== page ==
Elevated particle counts or turbidity immediately following the restart of a backwashed filter (shown above) is commonly known as the filter ripening period, which can be responsible for more than 90% of particles passing through a filter during a filter run. Extended Terminal Subfluidization Wash (ETSW) has been around for nearly 20 years, but it is still not well-understood or widely practiced.
ETSW is an acronym that defines itself:
Extended (typically 5-10 min.)
Terminal (last step of a backwash)
Subfluidization (low flow rates with no media expansion or fluidization)
Wash (washes out backwash remnant particles generally left in the filter after backwashing).
State regulations still commonly prevent or hinder its use by requiring filter-to-waste, and consulting engineers and operators alike often struggle to perform it correctly. The USEPA Partnership for Safe Water Program has led to multiple states successfully promoting and using ETSW. The purpose of this document below is to educate the drinking water industry on both understanding and efficiently dealing with filter ripening pathogen passage and implementing ETSW properly. The goal is to use as few words as possible to communicate the facts. There will not be a wordy introduction, no literature review, no equations, no methods section, or even any references (although those things have all been published previously in six peer-reviewed journal articles on ETSW that are not freely available to the general public due to copyrights). A collection of short factual statements of just a few lines with figures to back them up to follow (with a companion spreadsheet to do ALL of the math for you).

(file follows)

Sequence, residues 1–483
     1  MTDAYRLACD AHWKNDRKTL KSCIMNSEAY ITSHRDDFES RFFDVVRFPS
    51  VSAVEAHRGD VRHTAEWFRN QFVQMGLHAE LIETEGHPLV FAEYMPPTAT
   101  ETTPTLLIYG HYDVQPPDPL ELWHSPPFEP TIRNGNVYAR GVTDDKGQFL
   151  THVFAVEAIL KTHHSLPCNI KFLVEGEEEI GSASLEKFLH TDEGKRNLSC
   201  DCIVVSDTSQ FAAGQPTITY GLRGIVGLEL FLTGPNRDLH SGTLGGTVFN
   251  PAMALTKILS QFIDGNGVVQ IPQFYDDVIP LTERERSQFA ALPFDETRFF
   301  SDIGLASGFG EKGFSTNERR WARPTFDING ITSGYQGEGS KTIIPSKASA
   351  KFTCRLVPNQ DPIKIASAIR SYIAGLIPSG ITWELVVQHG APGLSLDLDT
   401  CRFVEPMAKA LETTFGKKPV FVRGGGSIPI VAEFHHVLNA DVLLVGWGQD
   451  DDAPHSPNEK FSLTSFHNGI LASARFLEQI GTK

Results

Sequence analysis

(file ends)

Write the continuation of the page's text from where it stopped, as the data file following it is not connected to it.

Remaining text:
This paper will introduce a totally new concept of optimizing coagulation (and all drinking water treatment processes) by using optimized ETSW backwashes and monitoring the filtered water quality carefully during the first 60 minutes of filter operation.